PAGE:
album review

There is no word scarier to most metal fans than 'pop'. The thought of pop music seeping in and destroying the heavy beauty of metal is one of the things that unites the majority of the metal universe, and it's one of the reasons metal has remained in the underground. Metal is not at all about embracing any of the themes or sounds that are popular, which means that when a band dares to do so, they are almost branded heretics by the faithful. Heavy guitars aren't supposed to be able to meld with synthesizers and drum loops, not without recalling the brutal horror of industrial slaughter.

Despite being pulled on by the powerfully irresistible artistic forces of both coasts, the heartland of America remains staunchly attached to the values which built the foundation of American popular music.  Not given to wild swings of fancy, the Midwest maintains a strong connection to the blues roots which have shouldered the careers of rock and roll, metal, grunge, rap, country and damn near everything else.  From within that established legacy comes Seasons After, a Wichita-based alternative metal band that experiments openly with some farther out ideas, but remains smartly en

I've been thinking that this year might mark the official death of melodic modern rock in the mainstream. Rock music hasn't had a true hit single in years, and most of the recent ones have been by either Nickelback or the Foo Fighters. Both of those bands have new singles on the airwaves, and their new contributions to rock and roll are both notable for their complete lack of melody.

Many years ago, I was in New York City for a convention and found myself walking through midtown during some down time.  It was raining moderately, and as I walked I came upon a smallish gentleman standing at the intersection.  He had a slouched demeanor, but one that suggested he wasn’t to be trifled with, a feeling that was confirmed when he started yelling loudly as tourists for jaywalking and littering.  In one bony hand he clutched a half-burned cigarette, and a second one was perched behind his ear.  His voice rang was an accented broken violin, invectives issuing

How many metal shows have you been to where the opening act was solid but not inspiring? I've found myself in this situation more times than I care to remember. I am a supporter of music in all it's forms and I give due credit to any band that has made it far enough to have an album released and go on tour. It's their chance to show the audience what they can do. When the opening act comes on, I'm rooting for them. I WANT them  to inspire me. I WANT them to succeed.

Over the years, KISS has done a better job of tearing down their own legacy than any critic ever could. Through their capitalist machinations, and the never-ending torrent of insults directed at everyone who is no longer in the band, KISS has become the traveling freak show that critics in the 70s accused them of being. It's difficult to even talk about KISS with a straight face anymore, since even the band refuses to admit their own importance in the grand scheme of things.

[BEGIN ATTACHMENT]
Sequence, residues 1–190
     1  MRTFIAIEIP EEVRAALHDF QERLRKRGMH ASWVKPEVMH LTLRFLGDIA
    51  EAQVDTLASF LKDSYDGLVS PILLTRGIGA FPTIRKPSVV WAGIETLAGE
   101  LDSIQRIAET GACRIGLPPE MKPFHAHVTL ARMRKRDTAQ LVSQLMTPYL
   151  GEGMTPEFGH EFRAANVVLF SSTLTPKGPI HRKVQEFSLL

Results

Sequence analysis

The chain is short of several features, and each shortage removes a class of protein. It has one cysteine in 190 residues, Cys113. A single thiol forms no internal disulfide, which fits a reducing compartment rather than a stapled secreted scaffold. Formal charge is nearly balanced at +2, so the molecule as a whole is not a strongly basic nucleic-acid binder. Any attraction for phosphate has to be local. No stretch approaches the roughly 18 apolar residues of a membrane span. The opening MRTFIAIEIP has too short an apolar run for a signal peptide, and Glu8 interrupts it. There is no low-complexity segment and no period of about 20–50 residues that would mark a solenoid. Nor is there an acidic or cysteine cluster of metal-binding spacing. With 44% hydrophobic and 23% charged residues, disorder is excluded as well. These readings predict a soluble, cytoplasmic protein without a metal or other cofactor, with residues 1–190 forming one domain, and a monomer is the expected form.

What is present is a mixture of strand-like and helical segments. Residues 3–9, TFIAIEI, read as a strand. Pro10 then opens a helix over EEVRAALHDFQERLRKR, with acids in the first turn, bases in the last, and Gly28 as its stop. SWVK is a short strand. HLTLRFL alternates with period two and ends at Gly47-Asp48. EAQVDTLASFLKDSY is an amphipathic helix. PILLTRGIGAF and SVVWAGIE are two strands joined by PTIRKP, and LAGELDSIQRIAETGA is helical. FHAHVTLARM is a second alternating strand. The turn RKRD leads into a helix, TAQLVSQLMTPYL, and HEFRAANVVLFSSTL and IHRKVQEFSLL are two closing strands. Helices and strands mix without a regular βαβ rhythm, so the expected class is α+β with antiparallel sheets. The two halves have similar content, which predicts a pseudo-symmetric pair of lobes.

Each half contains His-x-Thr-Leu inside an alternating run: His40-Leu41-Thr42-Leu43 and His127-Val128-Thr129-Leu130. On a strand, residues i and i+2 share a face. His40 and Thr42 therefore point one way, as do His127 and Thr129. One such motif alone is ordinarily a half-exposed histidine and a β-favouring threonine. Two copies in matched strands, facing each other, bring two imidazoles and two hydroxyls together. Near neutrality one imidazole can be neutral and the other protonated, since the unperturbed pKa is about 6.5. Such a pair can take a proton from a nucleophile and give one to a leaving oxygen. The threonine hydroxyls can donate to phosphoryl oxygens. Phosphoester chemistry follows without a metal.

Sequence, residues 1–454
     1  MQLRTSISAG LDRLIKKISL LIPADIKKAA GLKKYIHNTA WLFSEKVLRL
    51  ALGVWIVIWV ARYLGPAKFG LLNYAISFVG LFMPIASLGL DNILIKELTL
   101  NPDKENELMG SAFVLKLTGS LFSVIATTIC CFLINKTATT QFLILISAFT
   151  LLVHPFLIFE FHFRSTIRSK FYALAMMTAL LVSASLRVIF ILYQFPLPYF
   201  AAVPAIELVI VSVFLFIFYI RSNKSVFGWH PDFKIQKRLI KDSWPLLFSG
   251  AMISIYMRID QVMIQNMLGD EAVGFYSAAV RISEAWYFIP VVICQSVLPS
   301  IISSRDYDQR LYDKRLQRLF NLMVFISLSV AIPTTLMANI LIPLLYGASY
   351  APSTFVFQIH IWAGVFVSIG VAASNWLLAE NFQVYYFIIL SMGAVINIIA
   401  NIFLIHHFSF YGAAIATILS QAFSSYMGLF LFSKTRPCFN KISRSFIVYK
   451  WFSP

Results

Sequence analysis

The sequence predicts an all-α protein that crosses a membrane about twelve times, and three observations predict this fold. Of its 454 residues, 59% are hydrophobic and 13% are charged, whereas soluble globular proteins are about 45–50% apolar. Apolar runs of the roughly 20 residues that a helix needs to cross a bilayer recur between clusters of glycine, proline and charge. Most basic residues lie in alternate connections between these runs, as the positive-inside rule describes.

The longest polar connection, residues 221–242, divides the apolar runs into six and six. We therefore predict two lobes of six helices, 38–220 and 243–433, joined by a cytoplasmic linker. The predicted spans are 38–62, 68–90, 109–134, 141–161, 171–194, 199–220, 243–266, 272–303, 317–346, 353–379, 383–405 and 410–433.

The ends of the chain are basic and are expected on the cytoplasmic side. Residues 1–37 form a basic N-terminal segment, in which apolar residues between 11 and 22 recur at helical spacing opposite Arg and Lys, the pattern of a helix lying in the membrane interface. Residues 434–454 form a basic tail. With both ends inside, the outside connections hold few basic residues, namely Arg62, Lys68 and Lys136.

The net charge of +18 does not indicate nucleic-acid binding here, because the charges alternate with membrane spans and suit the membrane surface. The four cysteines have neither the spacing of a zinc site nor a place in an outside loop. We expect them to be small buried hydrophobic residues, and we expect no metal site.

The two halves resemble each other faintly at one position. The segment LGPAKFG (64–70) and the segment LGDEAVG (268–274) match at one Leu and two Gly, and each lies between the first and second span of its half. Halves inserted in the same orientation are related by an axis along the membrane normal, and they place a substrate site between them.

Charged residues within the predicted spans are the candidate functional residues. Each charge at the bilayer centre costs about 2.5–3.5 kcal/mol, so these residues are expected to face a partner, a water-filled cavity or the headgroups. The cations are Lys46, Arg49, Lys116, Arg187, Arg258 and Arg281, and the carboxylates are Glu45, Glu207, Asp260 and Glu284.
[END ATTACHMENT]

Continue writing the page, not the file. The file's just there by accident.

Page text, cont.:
In recent years, there has been a rash of nostalgia, and the first wave of every metal genre has roared back to life with new, and mostly well-received, albums. In the world of death metal, there have been mistakes (Morbid Angel, anyone?), but the majority of the old guard has been producing some of their best albums since the mid 90s. Obituary never really went away, but like all of the bands of their time, they got swallowed up by the waves of new genres that came along in the new millennium.

For a comeback to be truly recognized as complete and thorough, the band attempting it has to produce more than one solid album of material.  The comeback trail isn’t necessarily interested in brevity, but for those willing to put in the effort, redemption and more importantly resumption can be obtained.  It took INC (or Indestructible Noise Command, speaking of those not into brevity,) nearly a quarter century to attempt their comeback, culminating in 2011’s surprisingly excellent “Heaven Sent…Hellbound,” but that momentum needed to be carried forward in order to re-establish the

“There's a fine line between genius and insanity. I have erased this line.”
― Oscar Levant

The album I'm reviewing this week is a great example of what an artist can accomplish with talent, dedication, pushing the boundaries and just a wee bit of crazy. It's the latest offering from the Devin Townsend Project, a two disc set called "Z2".  Devin Townsend's new adventure is metal to be sure but it's oh, so much more. Metal doesn't truly begin to describe what's happening on this record. It's exciting, complex and difficult to describe, but I'll give it a shot.

Twenty-five years is an eternity. It's an entire generation that has come and gone, and that is how long it's been since Sanctuary has released an album. Their two records from the late 80's are underground classics, but the band is best known for what they became; Nevermore. It was that band that was able to break through and become one of the bigger names in metal, and it's that band that would make the bigger splash by returning at this time. Instead, Sanctuary has gone back in time to pick up where they left off, as though the last twenty years had never happened.